Skip to main content

Carrier-selective contacts for silicon photovoltaics based on broadband-transparent oxides

Periodic Reporting for period 1 - COLIBRI (Carrier-selective contacts for silicon photovoltaics based on broadband-transparent oxides)

Reporting period: 2016-06-01 to 2018-05-31

This project aimed at a cost-effective efficiency enhancement of silicon-based solar cells and thereby an increase of the competiveness and profitability of photovoltaic systems. Within this project, two strategies were investigated: (1) the use of metal oxide based carrier-selective contacts to reduce losses in Si solar cells caused by both highly-doped regions and defective metal/semiconductor interfaces; and (2) the development of Si-based tandem solar cells.

(1) Since decades, crystalline Si (c-Si) solar cells are the most established photovoltaic technology. Their main advantages are long lifetime (>25 years), non-toxicity and the high abundance of Si. However, for full competitiveness with traditional sources of electricity, important new steps need to be taken to increase their performance. An innovative contacting scheme has been investigated which eliminates the main loss mechanisms in c-Si solar cells arising from doped pn-junctions and the direct contact of metal with Si. The novel contacts generate a highly passivating and carrier-selective interface to Si and enable solar cells without doped pn-junctions. No cost-intensive patterning technique is required for the device fabrication and parasitic optical absorption, as present in Si heterojunction solar cells, can be minimized.

(2) The theoretical efficiency limitation of Si single-junction solar cells of 29.4% can be overcome by their application in multi-junction solar cells. Adding a wide-bandgap top cell to a Si cell allows better exploitation of the blue part of the solar spectrum and thus theoretical one-sun efficiencies over 40%. For optimum tandem cell performance, the top cell needs to feature a bandgap energy between 1.6 and 1.9 eV and operate close to its thermodynamic limit. Therefore, Si-based multi-junction solar cells were developed and optimized within this project and their cost competiveness was evaluated by a techno-economic analysis.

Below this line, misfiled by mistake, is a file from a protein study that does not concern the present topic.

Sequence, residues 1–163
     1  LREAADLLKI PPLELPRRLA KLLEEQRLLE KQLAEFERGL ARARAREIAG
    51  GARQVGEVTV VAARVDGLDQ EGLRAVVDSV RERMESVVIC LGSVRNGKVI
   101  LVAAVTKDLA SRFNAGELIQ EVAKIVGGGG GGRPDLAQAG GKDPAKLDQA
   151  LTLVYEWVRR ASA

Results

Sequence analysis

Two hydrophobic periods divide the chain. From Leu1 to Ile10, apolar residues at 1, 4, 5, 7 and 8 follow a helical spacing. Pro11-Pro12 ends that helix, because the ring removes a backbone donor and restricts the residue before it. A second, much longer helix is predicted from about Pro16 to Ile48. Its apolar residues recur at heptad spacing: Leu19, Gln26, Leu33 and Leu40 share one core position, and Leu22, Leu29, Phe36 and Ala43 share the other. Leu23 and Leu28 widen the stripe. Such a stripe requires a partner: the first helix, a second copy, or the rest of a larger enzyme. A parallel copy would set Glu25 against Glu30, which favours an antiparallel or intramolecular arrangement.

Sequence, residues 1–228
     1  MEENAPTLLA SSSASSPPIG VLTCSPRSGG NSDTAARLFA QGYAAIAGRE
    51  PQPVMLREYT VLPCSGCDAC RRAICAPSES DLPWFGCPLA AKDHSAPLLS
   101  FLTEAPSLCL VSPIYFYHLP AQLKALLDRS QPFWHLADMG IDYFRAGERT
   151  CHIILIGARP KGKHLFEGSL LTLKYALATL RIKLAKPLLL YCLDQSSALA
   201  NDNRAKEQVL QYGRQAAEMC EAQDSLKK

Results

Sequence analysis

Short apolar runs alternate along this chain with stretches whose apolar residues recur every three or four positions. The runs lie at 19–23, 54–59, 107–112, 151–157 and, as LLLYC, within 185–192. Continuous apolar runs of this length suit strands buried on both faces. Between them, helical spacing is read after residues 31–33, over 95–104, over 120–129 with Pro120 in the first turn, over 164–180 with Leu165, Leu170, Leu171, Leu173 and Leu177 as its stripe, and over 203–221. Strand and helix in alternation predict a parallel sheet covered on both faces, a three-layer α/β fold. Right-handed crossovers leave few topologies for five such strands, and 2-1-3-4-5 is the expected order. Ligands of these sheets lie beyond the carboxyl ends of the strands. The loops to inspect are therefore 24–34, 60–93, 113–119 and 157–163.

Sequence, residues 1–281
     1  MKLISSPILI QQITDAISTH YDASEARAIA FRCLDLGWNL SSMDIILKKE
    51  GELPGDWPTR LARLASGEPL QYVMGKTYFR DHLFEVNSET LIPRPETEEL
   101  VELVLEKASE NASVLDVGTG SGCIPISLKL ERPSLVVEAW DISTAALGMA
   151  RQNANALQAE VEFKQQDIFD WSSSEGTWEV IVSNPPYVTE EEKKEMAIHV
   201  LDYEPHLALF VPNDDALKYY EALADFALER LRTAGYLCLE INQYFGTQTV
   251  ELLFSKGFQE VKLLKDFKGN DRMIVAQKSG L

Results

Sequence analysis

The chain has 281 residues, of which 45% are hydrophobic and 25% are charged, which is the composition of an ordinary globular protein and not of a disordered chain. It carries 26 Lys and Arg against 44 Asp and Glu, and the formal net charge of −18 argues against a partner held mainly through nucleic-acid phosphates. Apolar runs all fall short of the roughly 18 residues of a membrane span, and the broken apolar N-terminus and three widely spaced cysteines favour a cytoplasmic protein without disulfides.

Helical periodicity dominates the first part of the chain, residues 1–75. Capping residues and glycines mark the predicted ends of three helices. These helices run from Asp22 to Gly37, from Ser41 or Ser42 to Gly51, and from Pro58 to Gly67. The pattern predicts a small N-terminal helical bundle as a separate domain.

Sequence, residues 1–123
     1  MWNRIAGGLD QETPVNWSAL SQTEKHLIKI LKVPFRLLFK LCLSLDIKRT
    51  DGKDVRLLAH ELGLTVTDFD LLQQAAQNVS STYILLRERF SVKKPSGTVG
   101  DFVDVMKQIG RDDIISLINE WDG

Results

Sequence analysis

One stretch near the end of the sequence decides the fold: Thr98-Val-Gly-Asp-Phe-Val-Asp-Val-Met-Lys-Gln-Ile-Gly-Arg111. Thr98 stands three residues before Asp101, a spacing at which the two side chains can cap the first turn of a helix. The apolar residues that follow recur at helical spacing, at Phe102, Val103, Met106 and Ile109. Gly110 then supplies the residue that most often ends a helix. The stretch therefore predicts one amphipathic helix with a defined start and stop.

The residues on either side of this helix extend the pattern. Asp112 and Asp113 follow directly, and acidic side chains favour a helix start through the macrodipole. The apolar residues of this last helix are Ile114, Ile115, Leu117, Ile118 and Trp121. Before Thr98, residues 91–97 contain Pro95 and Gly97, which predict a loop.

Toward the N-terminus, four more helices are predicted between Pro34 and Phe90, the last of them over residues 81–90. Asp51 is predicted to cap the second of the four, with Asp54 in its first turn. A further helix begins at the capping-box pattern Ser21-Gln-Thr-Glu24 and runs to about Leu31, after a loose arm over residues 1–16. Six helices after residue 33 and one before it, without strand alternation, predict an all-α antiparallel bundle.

21% efficient silicon heterojunction solar cells with MoOx based front contacts, that are compatible with screen-printing as high-throughput grid metallization technique, were developed. It was found, that hydrogen effusion occurring at temperatures as low as 200°C alters the electrical properties of the used a-Si:H/MoOx/TCO front stack and thus disturbs the carrier transport and reduces the fill factor in the solar cell. This effect can be mitigated by the use of hydrogen lean buffer and conduction layers [S.Essig et al.,under review, 2017].
In collaboration with UC Berkeley and ANU, innovative silicon solar cells with dopant-free asymmetric heterocontacts (DASH) were developed and optimized. DASH solar cells (Figure 1) with MoOx based hole-selective front contact and LiF based electron-selective rear contacts achieved a record efficiency over 20% (AM1.5g).
III-V/Si multi-junction solar cells were developed and optimized in collaboration with NREL (Golden, Colorado) and CSEM (Neuchâtel, Switzerland). The mechanically stacked 4-terminal devices achieved one-sun dual-junction efficiencies up to 32.8% and triple-junction efficiencies up to 35.9%. The results were included in version 50 of the famous solar cell efficiency tables [M. Green et al., Prog. in Photov. 25(7), pp.668-676 (2017)] and published in Nature Energy [S. Essig et al., Nature Energy 2, 17144,(2017)].
Furthermore, a techno-economic analysis of >30% efficient III-V/Si tandem solar cells was performed together with NREL in order to evaluate the cost competitiveness of over 30% efficient III-V/Si tandem solar cells. It revealed a factor of ~15 disparity between the $/Watt costs for III-V/Si tandem cells and conventional Si single-junction solar cells using current process costs, but highlights a path to cost competitiveness if two technological challenges can be solved: development of low-cost III-V growth techniques and new substrate materials.
Our experiments show that carrier-selective contacts can be used for the fabrication of >20% efficient wafer based silicon solar cells, which is an important step towards the departure from the impurity-doping paradigm that dominates since decades crystalline silicon photovoltaics. Those contact structures are of increasing interest and are currently investigated by all leading silicon PV research institutes throughout the world. It can be expected that solar cells with dopant-free asymmetric heterocontacts will soon reach efficiencies close to 25% and thereby become more relevant for commercial cell manufacturers.
This project also showed that the efficiency limitation of Si photovoltaics can be overcome by combining them with wide-bandgap top cells. The new record one-sun efficiencies of >32% achieved with mechanically stacked III-V/Si tandem solar cells display a breakthrough and raised attention in the photovoltaic community. Our techno-economic analysis showed that the fabrication costs of III-V top cells need to be further reduced –especially those for growth substrates and MOCVD deposition- to reach cost competitiveness. If the future development of reliable but inexpensive top-cells is successful, the next generation of photovoltaic systems will provide nearly twice the power of today’s installations enabling significantly reduced balance of systems costs and thus lowering the costs of renewable energy.
IEEE conference award 2017 for the most outstanding technical contribution